• A punitive response to those who use drugs recreationally, or who use them to deal with pain, is both arbitrary and disproportionate, inappropriate and cruel
  • Responsible legal regulation of cannabis markets in fact sends out this message: "That we are rational, that we should base policy on evidence, and that we want to care for young people, rather than universally criminalise them.”
  • Legal regulation, and the control it gives us over packaging, vendors and outlets, provides far better opportunities to send messages about the risks of drug use.  And these are the right messages to send to young people

Cost benefit analysis conducted by the Institute for Social and Economic Research, University of Essex

In the absence of government research, the most comprehensive cost benefit analysis of cannabis legalisation in the UK has suggested that the legalisation and regulation of cannabis (in England and Wales) would:

  • Save £200-300 million annually across the criminal justice system
  • Generate between £400 million and £900 million in tax revenue
  • Contribute to a reduction in the government deficit of between £0.5 billion to £1.25 billion per year
  • Incur net costs ranging from zero to around £85 million, due to impacts on physical and mental health. Even in the worst case scenario, these costs are modest in relation to projected savings on policing and criminal justice costs

Cannabis regulation in Colorado: early evidence defies the critics

Along with Uruguay, four US states – Alaska, Colorado, Oregon and Washington – and the capital, Washington DC, have legalised cannabis for non-medical adult use.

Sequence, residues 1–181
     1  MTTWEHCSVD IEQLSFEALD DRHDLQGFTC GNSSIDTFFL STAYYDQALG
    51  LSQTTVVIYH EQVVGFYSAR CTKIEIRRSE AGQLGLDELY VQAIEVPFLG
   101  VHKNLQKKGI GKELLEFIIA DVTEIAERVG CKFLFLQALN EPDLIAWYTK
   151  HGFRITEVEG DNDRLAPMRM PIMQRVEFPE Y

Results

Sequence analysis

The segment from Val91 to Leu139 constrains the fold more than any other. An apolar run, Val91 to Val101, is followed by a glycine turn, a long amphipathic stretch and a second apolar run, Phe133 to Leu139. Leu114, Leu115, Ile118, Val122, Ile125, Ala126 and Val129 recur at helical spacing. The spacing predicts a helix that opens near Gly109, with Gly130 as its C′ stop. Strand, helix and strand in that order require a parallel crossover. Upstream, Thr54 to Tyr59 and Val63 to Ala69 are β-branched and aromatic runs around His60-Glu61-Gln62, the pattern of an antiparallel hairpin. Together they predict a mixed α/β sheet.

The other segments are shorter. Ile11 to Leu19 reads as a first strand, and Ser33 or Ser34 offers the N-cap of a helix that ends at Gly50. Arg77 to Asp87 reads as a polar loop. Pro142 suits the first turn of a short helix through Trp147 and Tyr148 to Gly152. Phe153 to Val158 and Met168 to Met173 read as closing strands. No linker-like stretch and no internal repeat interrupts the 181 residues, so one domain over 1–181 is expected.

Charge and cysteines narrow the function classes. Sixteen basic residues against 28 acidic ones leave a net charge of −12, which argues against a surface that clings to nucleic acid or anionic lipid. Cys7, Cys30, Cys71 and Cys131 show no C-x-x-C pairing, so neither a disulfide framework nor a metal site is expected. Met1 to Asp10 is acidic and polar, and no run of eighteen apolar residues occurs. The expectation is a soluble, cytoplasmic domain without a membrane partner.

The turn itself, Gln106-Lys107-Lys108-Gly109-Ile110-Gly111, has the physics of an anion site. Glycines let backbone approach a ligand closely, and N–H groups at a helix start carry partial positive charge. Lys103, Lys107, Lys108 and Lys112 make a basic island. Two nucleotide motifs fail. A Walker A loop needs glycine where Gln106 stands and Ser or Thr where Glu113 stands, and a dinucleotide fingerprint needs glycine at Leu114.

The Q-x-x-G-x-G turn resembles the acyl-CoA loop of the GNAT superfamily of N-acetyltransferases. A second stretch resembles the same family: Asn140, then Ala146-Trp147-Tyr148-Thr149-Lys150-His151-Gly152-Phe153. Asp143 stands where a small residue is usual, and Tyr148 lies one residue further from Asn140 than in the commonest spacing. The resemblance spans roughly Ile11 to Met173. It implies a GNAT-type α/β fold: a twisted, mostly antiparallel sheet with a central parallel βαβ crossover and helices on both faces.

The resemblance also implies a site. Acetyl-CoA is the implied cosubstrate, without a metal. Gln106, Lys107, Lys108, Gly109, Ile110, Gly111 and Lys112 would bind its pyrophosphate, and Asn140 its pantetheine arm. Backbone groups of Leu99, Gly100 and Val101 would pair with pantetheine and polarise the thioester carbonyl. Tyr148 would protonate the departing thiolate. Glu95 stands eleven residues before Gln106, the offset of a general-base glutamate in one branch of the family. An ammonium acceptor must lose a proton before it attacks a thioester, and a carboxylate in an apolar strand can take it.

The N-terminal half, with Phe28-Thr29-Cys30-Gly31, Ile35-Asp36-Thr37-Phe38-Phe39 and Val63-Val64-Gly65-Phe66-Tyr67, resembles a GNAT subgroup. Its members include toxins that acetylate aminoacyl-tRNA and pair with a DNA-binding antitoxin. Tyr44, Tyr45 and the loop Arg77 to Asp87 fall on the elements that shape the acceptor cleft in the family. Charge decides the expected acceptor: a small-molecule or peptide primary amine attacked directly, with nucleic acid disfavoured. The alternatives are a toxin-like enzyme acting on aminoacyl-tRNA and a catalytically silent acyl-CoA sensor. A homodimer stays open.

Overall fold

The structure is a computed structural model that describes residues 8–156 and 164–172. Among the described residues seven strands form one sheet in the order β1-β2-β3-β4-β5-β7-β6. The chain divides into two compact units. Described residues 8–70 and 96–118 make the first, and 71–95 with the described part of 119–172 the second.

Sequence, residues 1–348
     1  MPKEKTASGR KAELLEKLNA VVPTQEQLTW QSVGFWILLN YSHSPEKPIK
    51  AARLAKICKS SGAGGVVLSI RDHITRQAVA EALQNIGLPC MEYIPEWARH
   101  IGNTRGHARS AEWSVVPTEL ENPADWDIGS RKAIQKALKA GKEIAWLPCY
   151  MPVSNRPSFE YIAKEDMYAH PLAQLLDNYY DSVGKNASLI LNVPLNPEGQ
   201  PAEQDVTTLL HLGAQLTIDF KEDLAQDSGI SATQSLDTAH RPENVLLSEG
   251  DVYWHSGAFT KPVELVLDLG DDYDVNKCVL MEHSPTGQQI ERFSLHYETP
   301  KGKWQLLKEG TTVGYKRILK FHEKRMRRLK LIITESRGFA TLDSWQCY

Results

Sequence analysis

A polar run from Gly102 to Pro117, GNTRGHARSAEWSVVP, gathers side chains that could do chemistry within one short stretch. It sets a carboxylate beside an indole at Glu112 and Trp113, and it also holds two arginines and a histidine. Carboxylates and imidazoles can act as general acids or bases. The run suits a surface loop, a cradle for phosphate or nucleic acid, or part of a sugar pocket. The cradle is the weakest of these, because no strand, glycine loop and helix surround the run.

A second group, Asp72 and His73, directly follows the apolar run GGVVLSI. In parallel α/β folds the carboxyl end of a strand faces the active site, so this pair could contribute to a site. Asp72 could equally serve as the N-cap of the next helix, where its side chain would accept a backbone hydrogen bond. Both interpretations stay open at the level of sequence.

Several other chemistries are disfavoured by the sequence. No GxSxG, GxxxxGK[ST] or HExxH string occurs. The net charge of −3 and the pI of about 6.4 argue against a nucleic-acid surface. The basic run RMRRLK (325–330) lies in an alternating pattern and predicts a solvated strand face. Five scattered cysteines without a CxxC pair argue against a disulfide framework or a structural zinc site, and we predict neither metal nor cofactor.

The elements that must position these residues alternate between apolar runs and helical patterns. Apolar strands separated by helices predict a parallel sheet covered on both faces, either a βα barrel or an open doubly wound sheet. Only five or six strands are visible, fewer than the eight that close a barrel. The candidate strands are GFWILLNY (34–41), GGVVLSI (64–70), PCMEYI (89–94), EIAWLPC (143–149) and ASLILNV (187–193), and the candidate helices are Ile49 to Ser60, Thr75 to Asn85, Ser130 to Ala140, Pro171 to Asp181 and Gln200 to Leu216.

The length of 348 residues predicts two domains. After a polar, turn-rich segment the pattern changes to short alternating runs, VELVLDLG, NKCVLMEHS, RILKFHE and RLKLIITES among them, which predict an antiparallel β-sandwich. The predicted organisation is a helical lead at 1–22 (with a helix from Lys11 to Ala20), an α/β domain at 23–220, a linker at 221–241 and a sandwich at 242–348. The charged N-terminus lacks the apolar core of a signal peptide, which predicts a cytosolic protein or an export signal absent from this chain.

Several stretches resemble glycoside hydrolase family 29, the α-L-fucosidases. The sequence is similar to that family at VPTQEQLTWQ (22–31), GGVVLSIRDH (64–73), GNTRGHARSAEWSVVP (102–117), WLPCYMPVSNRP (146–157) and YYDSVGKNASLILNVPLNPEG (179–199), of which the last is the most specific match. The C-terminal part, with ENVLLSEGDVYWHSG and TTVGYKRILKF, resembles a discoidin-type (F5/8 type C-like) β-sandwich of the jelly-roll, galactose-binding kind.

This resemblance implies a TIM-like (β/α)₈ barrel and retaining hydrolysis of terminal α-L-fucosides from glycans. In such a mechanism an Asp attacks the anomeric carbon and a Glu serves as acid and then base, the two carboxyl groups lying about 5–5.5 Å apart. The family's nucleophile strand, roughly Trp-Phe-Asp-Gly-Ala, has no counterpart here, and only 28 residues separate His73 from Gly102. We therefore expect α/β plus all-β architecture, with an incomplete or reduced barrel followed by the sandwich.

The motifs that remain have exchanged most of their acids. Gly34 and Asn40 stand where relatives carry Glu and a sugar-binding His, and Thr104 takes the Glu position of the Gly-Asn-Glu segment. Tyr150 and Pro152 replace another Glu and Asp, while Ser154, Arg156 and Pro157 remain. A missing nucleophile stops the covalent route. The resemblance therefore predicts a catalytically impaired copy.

These are new developments, with retail stores opening in Colorado and Washington last year, and Oregon last week (Uruguay's legal cannabis market will be operational in the new year).  Early evidence from Colorado indicates that it is far from the disaster predicted by critics of the reform, and has had the following outcomes:

  • No spike in cannabis use among young people
  • No increase in road fatalities
  • A large reduction in the criminal market, as the state now controls 60% of supply
  • A $125 million predicted tax take for 2015, with $40 million allocated for school building programmes
  • Thousands no longer receiving criminal records
  • A regulatory system able to adapt quickly to emerging concerns about cannabis edibles

Further reading

Debating Drugs: how to make the case for legal regulation

Cannabis regulation in Colorado: early evidence defies the critics

Cannabis Policy in the Netherlands : moving forwards not backwards

Cannabis social clubs in Spain: legalisation without commercialisation

How to regulate Cannabis: a practical guide

Home Office (2014) Drugs: International Comparators


Danny Kushlick, Head of External Affairs 07970 174 747